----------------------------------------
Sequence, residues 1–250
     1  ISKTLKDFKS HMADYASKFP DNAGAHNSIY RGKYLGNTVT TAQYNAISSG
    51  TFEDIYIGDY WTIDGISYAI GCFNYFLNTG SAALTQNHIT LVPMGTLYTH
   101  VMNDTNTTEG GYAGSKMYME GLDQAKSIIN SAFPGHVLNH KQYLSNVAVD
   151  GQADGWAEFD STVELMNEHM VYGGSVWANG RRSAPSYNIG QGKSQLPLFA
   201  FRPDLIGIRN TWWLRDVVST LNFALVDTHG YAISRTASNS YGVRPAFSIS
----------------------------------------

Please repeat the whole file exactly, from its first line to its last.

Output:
Sequence, residues 1–250
     1  ISKTLKDFKS HMADYASKFP DNAGAHNSIY RGKYLGNTVT TAQYNAISSG
    51  TFEDIYIGDY WTIDGISYAI GCFNYFLNTG SAALTQNHIT LVPMGTLYTH
   101  VMNDTNTTEG GYAGSKMYME GLDQAKSIIN SAFPGHVLNH KQYLSNVAVD
   151  GQADGWAEFD STVELMNEHM VYGGSVWANG RRSAPSYNIG QGKSQLPLFA
   201  FRPDLIGIRN TWWLRDVVST LNFALVDTHG YAISRTASNS YGVRPAFSIS